"Everything depends on the effort by the government after this attack to reassure our international partners and the friends of the country to continue to come here," said Idrissa Nassa, chief executive of Coris Bank, a leading lender in Burkina Faso.

    "If the government can limit it to just one attack, then I think the climate of fear will dissipate quite quickly and things will go back to normal," he added.

    The stakes are high. Kabore campaigned on promises to revive the economic and social fortunes of a landlocked country that produces gold and cotton but remains impoverished.

    Political uncertainty has slowed an economy already hurt by a fall in global gold prices, but one senior security official said the attack would put security at the top of the public agenda.

    Revolutionary spirit

    Former President Thomas Sankara, who was murdered in the 1987 coup that brought Compaore to power, remains a hero in the country that he named Burkina Faso — meaning "The land of the upstanding people" — and his image is plastered on walls around Ouagadougou.

    Sankara himself took power in a coup in 1983 and pursued a philosophy of Marxism and pan-Africanism that led him to be called "Africa's Che Guevara." Many African intellectuals view him as a visionary.

    Adama Ouedraogo, who teaches philosophy at a high school in the capital, said Sankara's revolutionary spirit was shown in the 2014 uprising and would now help the country overcome the militant threat.

    "The Burkinabe people are proud to be able to give their contribution to the government," he said. "I think the Burkinabe people are prepared to contribute to develop their country."

    You May Like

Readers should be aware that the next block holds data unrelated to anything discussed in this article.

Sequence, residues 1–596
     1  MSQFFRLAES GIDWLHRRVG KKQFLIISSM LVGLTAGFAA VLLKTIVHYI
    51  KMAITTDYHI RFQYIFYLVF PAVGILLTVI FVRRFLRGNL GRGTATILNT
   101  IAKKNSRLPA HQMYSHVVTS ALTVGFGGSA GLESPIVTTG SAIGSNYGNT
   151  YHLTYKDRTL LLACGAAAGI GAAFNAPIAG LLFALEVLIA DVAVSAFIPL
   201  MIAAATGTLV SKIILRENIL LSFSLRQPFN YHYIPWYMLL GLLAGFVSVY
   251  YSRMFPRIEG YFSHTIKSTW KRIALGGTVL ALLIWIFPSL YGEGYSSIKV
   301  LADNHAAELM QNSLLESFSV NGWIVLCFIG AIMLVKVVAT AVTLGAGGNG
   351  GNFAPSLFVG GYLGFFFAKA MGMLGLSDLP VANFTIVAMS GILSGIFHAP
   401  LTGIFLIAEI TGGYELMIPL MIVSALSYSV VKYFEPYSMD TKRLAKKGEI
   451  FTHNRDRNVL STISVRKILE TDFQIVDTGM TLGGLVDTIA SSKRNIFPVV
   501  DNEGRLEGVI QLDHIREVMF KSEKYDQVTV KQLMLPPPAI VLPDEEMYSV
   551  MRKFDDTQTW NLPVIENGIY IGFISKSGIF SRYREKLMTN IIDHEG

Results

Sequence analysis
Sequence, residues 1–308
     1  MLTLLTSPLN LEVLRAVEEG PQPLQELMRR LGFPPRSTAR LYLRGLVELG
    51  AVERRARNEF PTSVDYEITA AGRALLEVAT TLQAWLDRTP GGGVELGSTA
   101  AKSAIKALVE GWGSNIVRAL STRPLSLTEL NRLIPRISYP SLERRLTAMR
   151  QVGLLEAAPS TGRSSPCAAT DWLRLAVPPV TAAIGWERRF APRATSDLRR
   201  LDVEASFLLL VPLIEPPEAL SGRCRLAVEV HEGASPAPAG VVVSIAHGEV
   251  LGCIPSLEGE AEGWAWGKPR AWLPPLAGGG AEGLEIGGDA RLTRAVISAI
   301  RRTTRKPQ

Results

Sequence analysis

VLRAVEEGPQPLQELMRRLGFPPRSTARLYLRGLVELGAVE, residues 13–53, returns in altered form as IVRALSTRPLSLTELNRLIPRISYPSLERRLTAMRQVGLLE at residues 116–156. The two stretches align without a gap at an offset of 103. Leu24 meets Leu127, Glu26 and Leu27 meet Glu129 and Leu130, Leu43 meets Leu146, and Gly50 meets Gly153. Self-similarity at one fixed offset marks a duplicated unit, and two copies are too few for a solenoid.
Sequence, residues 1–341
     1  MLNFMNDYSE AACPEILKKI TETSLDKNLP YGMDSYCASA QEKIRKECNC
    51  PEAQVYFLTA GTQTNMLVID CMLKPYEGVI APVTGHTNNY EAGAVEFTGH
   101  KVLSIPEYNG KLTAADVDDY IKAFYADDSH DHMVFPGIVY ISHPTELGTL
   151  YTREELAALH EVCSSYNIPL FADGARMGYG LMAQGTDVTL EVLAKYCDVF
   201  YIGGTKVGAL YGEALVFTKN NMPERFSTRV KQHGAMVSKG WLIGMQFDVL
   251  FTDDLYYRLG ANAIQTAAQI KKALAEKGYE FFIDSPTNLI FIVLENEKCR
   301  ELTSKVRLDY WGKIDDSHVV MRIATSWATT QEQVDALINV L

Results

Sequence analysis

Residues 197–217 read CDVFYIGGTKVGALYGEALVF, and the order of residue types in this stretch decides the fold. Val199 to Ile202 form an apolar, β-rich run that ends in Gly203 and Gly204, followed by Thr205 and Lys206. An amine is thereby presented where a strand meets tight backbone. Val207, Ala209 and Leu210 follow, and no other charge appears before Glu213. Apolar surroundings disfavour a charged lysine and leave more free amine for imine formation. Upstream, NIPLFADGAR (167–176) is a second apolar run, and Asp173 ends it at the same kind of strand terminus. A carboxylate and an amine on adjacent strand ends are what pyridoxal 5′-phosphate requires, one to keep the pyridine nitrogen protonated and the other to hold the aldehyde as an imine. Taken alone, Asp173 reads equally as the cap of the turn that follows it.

Chechen Suspected in Istanbul Attack, but Questions Remain

    Turkish sources say North Caucasus militants involved in bombing at Ataturk airport, but name of at least one alleged attacker raises doubts

    With Johnson Out, Can a New ‘Margaret Thatcher’ Save Britain?

    Contest to replace David Cameron as Britain’s prime minister started in earnest Thursday with top candidates outlining strategy to deal with Brexit fallout

    US Finds Progress Slow Against Human Trafficking in Africa

    Africa continues to be a major source and destination for human trafficking of all kinds -- from forced labor to sexual slavery, says State Department report

    By the Numbers

    Featured Videos

    Your JavaScript is turned off or you have an old version of Adobe's Flash Player. Get the latest Flash player.
    Clinton Leads Trump, But Many Voters Don't Like Eitheri
    X
    Jim Malone
    June 29, 2016 6:16 PM
    In the U.S. presidential race, most recent polls show Democrat Hillary Clinton with a steady lead over Republican Donald Trump as both presumptive party nominees prepare for their party conventions next month. Trump’s disapproval ratings have risen in some recent surveys, but Clinton also suffers from high negative ratings, suggesting both candidates have a lot of work to do to improve their images before the November election. VOA National correspondent Jim Malone has more from Washington.
    Video

    Video Clinton Leads Trump, But Many Voters Don't Like Either

    In the U.S. presidential race, most recent polls show Democrat Hillary Clinton with a steady lead over Republican Donald Trump as both presumptive party nominees prepare for their party conventions next month. Trump’s disapproval ratings have risen in some recent surveys, but Clinton also suffers from high negative ratings, suggesting both candidates have a lot of work to do to improve their images before the November election. VOA National correspondent Jim Malone has more from Washington.
    Video

    Video Slow Rebuilding Amid Boko Haram Destruction in Nigeria’s Northeast

    Military operations have chased Boko Haram out of towns and cities in Nigeria’s northeast since early last year. But it is only recently that people have begun returning to their homes in Adamawa state, near the border with Cameroon, to try to rebuild their lives. For VOA, Chris Stein traveled to the area and has this report.
    Video

    Video New US Ambassador to Somalia Faces Heavy Challenges